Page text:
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Loading your kiln: Article or Project

Getting Ready to Fire a Kiln

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Never fire/load your kiln until shelves and furniture has been treated with kiln wash. Risky.

It is not a good idea to load your items on the bottom of your kiln, you should use some short stilts and place one shelf over the bottom and then build up your shelves to heights needed.

Try to load your kiln evenly, arranging items of the same height on each shelf.

Shelves should be placed so that at least one kiln element is in between them in order to make sure heat is evenly distributed.

You should leave about one inch of head room between your tallest item and the shelf above it.

It is a good idea to put smaller items on the bottom shelf and the very top shelf with the larger/medium sized items in the middle. Of course, it is not a good idea to stack space bars too high as they become unstable, so if you have very large pieces, they should be on the top.

Do not over crowd pieces, allow space so that the heat/air may flow freely around them. Unpainted greeware can touch if needed and you can loosely pile small items like ornaments or magnets. Glazes of course, should not touch and you should leave about 1 inch of space between them so they do not grab each other during the firing. Your glazes will bubble up and if they touch each other, they can pull each other off their stilts.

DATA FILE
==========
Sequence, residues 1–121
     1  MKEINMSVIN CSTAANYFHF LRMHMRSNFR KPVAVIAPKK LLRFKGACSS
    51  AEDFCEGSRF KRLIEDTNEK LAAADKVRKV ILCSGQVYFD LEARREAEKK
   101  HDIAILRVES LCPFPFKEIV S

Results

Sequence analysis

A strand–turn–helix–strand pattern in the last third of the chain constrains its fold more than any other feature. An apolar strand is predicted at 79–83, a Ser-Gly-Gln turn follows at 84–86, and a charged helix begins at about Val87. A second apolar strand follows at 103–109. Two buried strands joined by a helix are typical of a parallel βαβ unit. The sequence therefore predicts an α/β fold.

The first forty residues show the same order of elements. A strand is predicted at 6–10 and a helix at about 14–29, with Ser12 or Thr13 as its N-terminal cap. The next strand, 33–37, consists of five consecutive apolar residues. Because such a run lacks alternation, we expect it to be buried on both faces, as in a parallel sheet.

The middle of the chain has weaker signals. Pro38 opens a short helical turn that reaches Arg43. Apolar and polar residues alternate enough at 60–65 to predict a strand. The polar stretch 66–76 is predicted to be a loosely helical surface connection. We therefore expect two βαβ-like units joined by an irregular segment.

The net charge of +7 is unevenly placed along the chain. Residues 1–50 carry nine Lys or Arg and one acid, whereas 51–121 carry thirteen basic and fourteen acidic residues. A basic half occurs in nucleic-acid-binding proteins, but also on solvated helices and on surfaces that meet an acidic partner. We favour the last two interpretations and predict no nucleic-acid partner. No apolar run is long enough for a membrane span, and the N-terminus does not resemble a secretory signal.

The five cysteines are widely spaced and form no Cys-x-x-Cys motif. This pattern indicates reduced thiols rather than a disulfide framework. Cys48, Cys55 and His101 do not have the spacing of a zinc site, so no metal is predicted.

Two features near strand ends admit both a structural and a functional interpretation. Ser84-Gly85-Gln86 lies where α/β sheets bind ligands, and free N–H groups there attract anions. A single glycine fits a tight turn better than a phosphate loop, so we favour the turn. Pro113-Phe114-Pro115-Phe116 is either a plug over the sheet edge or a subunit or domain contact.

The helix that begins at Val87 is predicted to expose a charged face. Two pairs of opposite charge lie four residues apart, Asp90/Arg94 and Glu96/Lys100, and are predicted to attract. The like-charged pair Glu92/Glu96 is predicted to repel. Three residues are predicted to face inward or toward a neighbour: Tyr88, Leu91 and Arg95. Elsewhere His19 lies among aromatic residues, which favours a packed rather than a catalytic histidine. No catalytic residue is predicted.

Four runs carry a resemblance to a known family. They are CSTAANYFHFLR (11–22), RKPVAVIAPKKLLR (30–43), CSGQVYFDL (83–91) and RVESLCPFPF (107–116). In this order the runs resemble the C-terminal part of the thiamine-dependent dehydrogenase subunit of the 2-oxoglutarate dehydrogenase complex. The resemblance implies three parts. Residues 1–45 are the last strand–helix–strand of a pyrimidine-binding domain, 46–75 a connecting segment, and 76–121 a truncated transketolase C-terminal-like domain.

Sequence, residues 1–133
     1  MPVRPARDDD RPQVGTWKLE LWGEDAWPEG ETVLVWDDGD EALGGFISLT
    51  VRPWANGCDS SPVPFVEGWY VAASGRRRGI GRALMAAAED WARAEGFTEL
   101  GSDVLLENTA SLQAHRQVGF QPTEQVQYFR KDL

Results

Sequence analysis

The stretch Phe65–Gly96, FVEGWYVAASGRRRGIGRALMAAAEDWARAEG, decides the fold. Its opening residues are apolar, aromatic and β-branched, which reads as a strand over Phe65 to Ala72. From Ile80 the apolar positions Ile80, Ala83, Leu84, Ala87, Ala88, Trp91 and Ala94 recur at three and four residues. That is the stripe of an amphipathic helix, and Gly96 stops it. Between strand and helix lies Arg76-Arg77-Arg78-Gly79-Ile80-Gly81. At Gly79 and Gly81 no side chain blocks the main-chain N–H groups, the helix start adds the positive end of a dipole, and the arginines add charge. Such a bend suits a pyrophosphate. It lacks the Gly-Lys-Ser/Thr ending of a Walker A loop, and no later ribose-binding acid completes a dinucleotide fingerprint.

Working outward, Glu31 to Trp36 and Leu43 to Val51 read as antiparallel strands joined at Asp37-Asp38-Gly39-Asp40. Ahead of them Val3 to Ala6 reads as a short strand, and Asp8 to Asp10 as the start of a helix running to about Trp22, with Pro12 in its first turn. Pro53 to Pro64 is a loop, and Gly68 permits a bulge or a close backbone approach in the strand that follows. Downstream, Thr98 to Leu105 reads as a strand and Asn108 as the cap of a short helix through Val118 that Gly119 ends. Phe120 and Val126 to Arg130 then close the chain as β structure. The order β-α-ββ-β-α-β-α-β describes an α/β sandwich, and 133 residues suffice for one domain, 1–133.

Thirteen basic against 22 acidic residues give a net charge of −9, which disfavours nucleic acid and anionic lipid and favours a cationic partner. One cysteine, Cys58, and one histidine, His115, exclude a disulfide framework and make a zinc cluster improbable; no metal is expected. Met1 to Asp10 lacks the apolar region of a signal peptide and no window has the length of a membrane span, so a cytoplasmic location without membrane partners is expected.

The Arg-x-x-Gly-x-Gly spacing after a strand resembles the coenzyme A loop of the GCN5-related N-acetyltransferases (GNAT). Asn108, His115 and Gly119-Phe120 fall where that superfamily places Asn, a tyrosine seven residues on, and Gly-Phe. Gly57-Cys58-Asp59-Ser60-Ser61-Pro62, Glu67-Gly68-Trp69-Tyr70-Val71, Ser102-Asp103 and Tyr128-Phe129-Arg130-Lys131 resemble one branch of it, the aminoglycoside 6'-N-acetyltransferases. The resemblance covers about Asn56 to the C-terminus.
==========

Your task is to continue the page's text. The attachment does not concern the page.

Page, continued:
Use stilts under glazed items so they won't fuse to the shelves, unless you have dry-footed the items. If they are dry-foot, be sure there is a clean unglazed rim on the bottom of the sides to allow for glazes to move down during firing.

Porcelain and stoneware items should be dry-footed and not put on stilts.

Large flat surfaces like platters or chess boards should NEVER be fired on the bottom shelf of the kiln. If possible, they should be fired on their sides during greenware firing (lean them against a half-shelf to support them in a perpendicular placement. During a glaze firing, use off-set stilts so one side is raised slightly higher than the other side. This helps to minimize pressure on the center and stabilize weight disbursement which can sometimes be the cause of cracking, breaking and warping.

Over glaze firings (gold, mother of pearl, decals, china paints, etc.) do not normally need to be stilted unless firing hotter than cone 017. Some glazes can soften at that point and possibly fuse to the shelf.


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